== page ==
In a little over a week’s time on the 30th of June there will be a general strike over public sector pensions. We are told that some 750,000 public sector workers will take part from unions including the PCS, the National Union of Teachers, the Association of Teachers and Lectures and the University and College Union.
There has been perhaps some hyperbole over the scale of the action, but they nevertheless represent a significant raising of the stakes in the ongoing battle between the coalition government and the unions (and others).
Whether the strikes are necessary, beneficial and justified are for another page but one thing that does stand out is that strike action alone will not be enough. Strikes get the attention of the public, but not always their support. There is inevitably inconvenience to the public and this does tend to diminish sympathy for the strikes and those on them.
More importantly strike action can only ever be short term and therefore of limited impact. These strikes seem unlikely to be long lived enough to force the government to back down.
Finally and perhaps most importantly of all, the strikes seem to assume that the government is acting out of some kind of malice – a bunch of Tories drinking brandies and smoking cigars while the working class suffers.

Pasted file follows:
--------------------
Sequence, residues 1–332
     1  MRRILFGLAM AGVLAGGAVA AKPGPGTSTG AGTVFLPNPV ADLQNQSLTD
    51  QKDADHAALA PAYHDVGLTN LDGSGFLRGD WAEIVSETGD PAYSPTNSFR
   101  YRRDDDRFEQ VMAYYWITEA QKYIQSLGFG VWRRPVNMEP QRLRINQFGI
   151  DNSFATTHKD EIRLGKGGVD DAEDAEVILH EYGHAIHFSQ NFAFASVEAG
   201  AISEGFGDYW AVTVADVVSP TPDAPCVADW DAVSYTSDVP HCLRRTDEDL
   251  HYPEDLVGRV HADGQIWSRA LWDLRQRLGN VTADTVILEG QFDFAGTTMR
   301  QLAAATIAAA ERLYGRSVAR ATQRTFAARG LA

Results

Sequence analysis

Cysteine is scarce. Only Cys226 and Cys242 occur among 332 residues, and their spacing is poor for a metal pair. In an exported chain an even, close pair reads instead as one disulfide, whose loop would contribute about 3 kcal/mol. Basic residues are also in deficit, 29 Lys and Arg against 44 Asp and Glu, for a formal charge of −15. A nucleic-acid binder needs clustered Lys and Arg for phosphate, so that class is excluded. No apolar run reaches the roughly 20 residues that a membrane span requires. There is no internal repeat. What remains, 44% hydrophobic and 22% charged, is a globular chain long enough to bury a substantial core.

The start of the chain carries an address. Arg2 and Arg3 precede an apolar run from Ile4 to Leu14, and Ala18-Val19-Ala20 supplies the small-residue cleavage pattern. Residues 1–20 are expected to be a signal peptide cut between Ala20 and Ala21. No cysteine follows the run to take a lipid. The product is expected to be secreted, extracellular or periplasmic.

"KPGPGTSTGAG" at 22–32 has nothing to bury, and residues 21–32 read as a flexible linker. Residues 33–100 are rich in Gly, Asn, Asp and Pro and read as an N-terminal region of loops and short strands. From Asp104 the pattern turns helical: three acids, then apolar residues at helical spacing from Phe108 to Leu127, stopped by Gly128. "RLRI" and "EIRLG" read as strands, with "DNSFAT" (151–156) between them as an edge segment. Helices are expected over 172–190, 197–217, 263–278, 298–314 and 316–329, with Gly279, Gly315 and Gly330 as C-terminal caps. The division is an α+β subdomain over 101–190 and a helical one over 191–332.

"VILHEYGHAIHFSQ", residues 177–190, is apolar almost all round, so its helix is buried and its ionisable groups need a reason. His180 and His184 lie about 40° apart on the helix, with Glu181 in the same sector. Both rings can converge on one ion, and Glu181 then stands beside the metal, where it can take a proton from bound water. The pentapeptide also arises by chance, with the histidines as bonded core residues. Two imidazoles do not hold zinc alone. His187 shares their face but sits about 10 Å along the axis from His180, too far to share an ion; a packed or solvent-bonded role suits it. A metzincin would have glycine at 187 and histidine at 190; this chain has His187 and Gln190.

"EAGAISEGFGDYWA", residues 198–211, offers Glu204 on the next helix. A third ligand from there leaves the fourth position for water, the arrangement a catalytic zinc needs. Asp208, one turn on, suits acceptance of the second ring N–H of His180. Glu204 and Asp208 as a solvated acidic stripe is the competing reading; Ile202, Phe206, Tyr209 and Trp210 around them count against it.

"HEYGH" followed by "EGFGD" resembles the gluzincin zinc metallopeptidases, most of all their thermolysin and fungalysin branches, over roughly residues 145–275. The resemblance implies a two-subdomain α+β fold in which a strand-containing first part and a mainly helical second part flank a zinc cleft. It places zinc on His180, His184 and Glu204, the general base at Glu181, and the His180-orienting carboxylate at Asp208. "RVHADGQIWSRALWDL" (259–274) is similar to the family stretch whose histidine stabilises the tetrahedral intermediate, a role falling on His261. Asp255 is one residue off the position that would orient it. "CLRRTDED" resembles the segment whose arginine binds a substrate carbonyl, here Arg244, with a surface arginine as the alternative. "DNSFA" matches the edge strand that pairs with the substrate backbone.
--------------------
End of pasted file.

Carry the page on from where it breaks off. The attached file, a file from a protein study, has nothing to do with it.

In truth though, this government, like those before it, is actually not really in a position to choose all that much. Global competitive pressure creates a race to the bottom in which every government must act to keep ‘costs’ as low as possible in order to remain competitive.
What is needed then is a way to change the global system so that we can, in turn change our national systems. All of this we must achieve without endlessly inconveniencing and irritating the public and without putting public services at risk. We must use democracy to drive forward a more just and sustainable agenda. How do we do this?
Simpol offers a genuine democratic means to drive forward that very agenda and drive the politicians to accept it by coordinated use of our votes – the most basic of all democratic tools.
In addition, since Simpol is open to all and it is the people who create the Simultaneous Policy agenda it is of no inconvenience or irritation to anybody.
This article is not intended to unfairly criticise the J30 actions or to claim that they are unjustified or wrong. It is simply to point out that actions such as these must be combined with a more long term solution that includes everybody and excludes n0-one.